"Wait, didn't you just spend last weekend doing that?" my friend asks me over instant messenger on Friday afternoon. See, I've just come back from the Femme Conference in Baltimore, Maryland. An intensive three days spent with femme-identified persons and allies breaking down how region, class, race, ethnicity, access and ability affect our relationships with each other and the world. We talked, danced, processed, performed, sang, fucked up, drank, made out, laughed and cried. We felt all the feelings. To put it more simply, the weekend was magical.
Monday morning, back at work, I was riding high. Every click of the "accept friend request" and "tag this photo" buttons set off a tiny glittery firework in my soul. But by Monday night I was deep in withdrawal. The reality that I didn't know when next I'd be surrounded, challenged and connected by such fierce femme power had sunk in. I ate all the feelings. Thankfully the goddess universe intervened. On Wednesday afternoon I clicked "accept" to the event request titled "Post Femme Con Potluck". Then I actually flung my hands up in just-crossed-the-finish-line fists in my cubicle.
Fast forward to Friday night. New Jersey, Manhattan and Brooklyn transit lines were fighting with each other and I arrived twenty minuets past "fashionably late" to the potluck. Despite this, I was welcomed into the spectacularly decorated Brooklyn apartment by a circle of smiling femmes, allies, two cats and a table full of delights including a tower of gluten free vegan cupcakes! As I picked up the marker to scribble my name and preferred gender pronoun on a shipping label I was filled with that same sense of magic I'd had at the conference.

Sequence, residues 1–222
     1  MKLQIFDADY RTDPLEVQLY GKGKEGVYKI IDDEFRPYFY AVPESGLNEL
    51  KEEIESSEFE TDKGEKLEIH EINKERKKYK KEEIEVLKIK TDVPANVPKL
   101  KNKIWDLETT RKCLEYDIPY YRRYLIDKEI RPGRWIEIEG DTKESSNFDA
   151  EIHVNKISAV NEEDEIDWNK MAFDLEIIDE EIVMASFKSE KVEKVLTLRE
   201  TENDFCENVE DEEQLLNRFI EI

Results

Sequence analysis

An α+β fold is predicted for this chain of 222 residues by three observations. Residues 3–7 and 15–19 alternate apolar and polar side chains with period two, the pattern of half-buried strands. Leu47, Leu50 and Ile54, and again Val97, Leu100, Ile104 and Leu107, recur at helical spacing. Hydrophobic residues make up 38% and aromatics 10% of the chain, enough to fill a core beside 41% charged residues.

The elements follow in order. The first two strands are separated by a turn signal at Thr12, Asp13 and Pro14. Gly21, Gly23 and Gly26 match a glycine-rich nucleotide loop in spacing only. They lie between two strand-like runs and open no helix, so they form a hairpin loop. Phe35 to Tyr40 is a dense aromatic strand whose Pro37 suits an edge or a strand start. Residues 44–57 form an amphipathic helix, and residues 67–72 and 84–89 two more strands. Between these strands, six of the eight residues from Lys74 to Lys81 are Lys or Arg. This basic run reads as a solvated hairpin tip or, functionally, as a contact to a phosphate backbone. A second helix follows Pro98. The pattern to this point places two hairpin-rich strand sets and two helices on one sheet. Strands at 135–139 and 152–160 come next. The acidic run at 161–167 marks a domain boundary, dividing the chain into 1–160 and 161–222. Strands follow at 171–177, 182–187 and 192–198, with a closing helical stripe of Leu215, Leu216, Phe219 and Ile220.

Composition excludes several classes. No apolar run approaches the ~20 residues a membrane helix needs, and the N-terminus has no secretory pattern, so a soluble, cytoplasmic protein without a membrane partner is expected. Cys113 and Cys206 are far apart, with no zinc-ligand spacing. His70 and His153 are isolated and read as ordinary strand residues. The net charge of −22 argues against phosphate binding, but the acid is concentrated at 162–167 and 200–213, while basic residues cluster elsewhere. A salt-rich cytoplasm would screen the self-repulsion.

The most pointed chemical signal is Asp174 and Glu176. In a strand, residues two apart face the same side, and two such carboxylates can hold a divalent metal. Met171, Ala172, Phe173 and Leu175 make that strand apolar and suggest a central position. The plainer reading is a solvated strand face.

The night was low key but structured. We gave each other time to speak without interruption and listened with intensity. Those of us who'd been to the conference shared our highlights and lowlights on things like femme-on-femme speed dating and triggering racist remarks. We swooned over presenters like FemmeDagger, Miss Arkansassy, Chanelle, Savannah and Blyth, media maven Damien Luxe and so many amazing performers. These recaps acted as a springboard for the others to share their own personal narratives on mean girl experiences, racist interactions and challenges. We spent a good portion of the night strategizing on how build community while being in conflict with other femmes. We also attempted to name the ways we exclude femmes of color from our community spaces. Heavy, big topics we plan to keep tackling.
By the time dessert was served we found ourselves at the butcher paper with markers organizing future events. We closed the night with a running list of skill share ideas including, but not limited to, pivot tables in Excel, power tools, and wilderness survival skills. We're an informally organized collection of people in New York riding the Femme Conference magic wave. I have a feeling we'll be sending you invitations to events shortly under a pun-filled title or, at the very least, wheat pasting your nearest telephone poles with phrases like "trash litter not glitter." If you'd like to join us or start your own pocket of power in your city feel free to reach across the Internets via the Femme Conference Facebook page. It's my hope that more of us will be fielding contemptible questions like "Didn't you just spend last weekend doing that?" very soon.